In the last nineteen years, OECD countries transferred a combined $US 4.79 trillion in subsidies to farmers. These payments have distorted incentives to growers and encouraged them to produce more than they otherwise would or produce what they otherwise wouldn’t. The resulting distortions in the global marketplace have caused a downward spiral in overall prices, with negative consequences across Canada’s farm belt.
The recent trend, from 2001 to 2004, is also discouraging. Overall spending on subsidies has increased dramatically, culminating in a record-breaking $US280 billion in 2004, even while the percentage of gross income farmers receive from these supports has been declining. It is costing countries more and more to support their farmers while, at the same time, accomplishing less.
Almost 70% of these transfers come in the form of price supports like import tariffs, which artificially raise the price domestic consumers pay for products. These tariffs levels are sometimes set so high that they keep all foreign competition out of the marketplace, as is the case for dairy products in Canada.
Ninety percent of Canadian farmers export eighty percent of everything they produce. With almost half of its GDP generated by exports, Canada is the third most trade-dependent country in the world. That exposure makes it all the more imperative that Canada’s negotiators in world trade talks concentrate on the elimination of subsidies, particularly support mechanisms like import tariffs.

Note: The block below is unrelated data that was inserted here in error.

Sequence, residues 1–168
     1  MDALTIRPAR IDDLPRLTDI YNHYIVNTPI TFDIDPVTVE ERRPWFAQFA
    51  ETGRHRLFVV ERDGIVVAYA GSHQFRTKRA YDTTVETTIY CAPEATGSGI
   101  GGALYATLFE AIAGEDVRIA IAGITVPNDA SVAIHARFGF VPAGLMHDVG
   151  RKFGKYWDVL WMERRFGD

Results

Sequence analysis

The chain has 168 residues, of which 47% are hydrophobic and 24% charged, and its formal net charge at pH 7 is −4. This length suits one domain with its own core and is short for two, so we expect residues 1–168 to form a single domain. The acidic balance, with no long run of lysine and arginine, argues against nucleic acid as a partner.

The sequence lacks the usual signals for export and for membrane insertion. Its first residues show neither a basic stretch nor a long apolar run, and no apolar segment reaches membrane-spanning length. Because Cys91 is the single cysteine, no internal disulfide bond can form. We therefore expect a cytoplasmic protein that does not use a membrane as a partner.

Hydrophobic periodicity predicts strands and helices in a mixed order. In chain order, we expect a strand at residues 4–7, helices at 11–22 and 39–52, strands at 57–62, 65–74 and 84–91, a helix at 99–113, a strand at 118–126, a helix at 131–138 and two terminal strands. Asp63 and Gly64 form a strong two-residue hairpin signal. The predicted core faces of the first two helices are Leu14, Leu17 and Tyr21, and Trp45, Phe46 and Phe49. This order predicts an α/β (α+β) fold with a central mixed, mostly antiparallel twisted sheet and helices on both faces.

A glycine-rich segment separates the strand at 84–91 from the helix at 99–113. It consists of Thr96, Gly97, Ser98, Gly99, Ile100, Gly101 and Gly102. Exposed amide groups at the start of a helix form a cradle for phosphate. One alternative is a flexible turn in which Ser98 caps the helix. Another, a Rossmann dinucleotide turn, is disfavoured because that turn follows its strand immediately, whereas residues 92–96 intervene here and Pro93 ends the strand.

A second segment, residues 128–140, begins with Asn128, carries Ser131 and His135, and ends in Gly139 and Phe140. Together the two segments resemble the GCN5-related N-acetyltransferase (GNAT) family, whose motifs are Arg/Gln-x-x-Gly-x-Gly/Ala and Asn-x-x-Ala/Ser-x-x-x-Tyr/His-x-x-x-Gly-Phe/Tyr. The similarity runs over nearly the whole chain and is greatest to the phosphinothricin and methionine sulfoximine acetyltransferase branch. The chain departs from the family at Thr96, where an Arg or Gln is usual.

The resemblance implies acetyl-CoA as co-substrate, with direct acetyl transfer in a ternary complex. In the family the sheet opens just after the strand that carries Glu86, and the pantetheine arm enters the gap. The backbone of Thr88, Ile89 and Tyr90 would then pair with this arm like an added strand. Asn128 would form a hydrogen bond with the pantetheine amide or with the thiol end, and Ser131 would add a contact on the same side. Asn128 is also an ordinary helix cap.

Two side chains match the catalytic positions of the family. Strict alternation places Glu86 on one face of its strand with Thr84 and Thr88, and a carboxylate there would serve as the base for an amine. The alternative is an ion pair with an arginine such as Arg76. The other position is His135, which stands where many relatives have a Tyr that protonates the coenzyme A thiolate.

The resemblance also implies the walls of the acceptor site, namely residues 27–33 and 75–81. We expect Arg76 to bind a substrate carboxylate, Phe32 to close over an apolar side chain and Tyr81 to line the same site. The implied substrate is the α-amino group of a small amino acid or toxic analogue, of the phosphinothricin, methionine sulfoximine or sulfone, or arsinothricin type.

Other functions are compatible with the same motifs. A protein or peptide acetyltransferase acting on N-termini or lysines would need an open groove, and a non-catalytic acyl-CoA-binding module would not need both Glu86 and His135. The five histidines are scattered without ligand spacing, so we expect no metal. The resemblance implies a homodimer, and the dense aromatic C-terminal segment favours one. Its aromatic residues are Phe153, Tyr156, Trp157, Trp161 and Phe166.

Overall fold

In World Trade Organization negotiations, Canada supports free trade yet vigorously defends our supply-managed marketing boards, a contradiction quite apparent to other nations. A credible plan would move us away from these trade-distorting institutions and open up opportunities to the vast majority of Canadian farmers who will benefit from open global markets.
Note: PSE stands for “Producer Support Estimate,” the OECD’s measurement of the value of subsidies.